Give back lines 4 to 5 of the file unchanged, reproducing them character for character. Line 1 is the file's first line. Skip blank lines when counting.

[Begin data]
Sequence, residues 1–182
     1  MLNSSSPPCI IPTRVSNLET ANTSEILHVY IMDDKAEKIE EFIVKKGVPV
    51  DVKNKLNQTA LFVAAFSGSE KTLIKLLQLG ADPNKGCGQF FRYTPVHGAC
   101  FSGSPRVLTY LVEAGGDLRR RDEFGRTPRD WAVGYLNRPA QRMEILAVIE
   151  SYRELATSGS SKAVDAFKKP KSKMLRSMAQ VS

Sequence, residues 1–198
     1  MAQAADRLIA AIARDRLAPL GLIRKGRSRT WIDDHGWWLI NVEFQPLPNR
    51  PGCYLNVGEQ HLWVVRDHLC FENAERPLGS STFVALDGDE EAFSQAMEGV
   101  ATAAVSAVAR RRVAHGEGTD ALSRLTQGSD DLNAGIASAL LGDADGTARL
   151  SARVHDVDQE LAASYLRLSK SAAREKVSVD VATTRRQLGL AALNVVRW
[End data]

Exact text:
   101  FSGSPRVLTY LVEAGGDLRR RDEFGRTPRD WAVGYLNRPA QRMEILAVIE
   151  SYRELATSGS SKAVDAFKKP KSKMLRSMAQ VS